The Development of a Microphone Calibration Technique Using Photon Correlation Spectroscopy
Laser Doppler Anemometry (LDA) measurements of acoustic particle velocity, utilizing the photon correlation method of signal processing, provide the basis for a working microphone calibration system. The calibration is performed using a standing wave generated inside a glass tube attached to a loudspeaker. From the photon correlation LDA velocity measurement and a knowledge of the characteristic acoustic impedance of the air inside the tube, the pressure amplitude at the end is calculated. The frequency response of a probe microphone fitted in the end of the tube is characterized separately, relative to a measurement microphone system supplied by the National Physical Laboratory (NPL). The LDA apparatus has been used to calibrate the measurement microphone system. For frequencies between 600 Hz and 2 kHz, the sensitivity of the microphone is determined to within ±0.2 dB of the sensitivity obtained by reciprocity calibration. While this is not state-of-the-art in terms of microphone calibration, it marks the first stage of an on-going project to establish the next generation of primary standards for sound pressure. Further work will be conducted with the emphasis on free-field measurements.
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Document Type: Research Article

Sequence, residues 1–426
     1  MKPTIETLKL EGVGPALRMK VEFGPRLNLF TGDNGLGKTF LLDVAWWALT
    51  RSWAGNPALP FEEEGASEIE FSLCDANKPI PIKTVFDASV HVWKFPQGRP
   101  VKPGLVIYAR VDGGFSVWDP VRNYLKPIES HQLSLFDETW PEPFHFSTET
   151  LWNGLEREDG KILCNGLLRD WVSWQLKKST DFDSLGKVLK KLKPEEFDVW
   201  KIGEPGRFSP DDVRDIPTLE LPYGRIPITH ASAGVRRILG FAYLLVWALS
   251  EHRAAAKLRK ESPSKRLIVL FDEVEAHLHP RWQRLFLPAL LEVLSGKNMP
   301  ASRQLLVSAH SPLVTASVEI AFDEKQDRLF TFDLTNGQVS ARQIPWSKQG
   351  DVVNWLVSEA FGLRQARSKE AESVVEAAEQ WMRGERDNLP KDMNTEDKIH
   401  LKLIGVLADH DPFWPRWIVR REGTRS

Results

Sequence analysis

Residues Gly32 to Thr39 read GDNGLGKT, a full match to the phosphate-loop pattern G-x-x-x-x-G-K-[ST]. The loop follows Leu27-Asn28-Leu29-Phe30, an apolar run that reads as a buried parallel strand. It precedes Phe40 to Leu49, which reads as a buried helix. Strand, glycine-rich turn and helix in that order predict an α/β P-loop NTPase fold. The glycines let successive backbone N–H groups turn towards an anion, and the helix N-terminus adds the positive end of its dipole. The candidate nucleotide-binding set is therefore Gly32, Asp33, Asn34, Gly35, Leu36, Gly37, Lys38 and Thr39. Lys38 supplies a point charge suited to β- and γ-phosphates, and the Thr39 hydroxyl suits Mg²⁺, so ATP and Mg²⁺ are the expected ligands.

Publication date: March 1, 2003
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- Acta Acustica united with Acustica, published together with the European Acoustics Association (EAA), is an international, peer-reviewed journal on acoustics. It publishes original articles on all subjects in the field of acoustics, such as general linear acoustics, nonlinear acoustics, macrosonics, flow acoustics, atmospheric sound, underwater sound, ultrasonics, physical acoustics, structural acoustics, noise control, active control, environmental noise, building acoustics, room acoustics, acoustic materials, acoustic signal processing, computational and numerical acoustics, hearing, audiology and psychoacoustics, speech, musical acoustics, electroacoustics, auditory quality of systems. It reports on original scientific research in acoustics and on engineering applications. The journal considers scientific papers, technical and applied papers, book reviews, short communications, doctoral thesis abstracts, etc. In irregular intervals also special issues and review articles are published.
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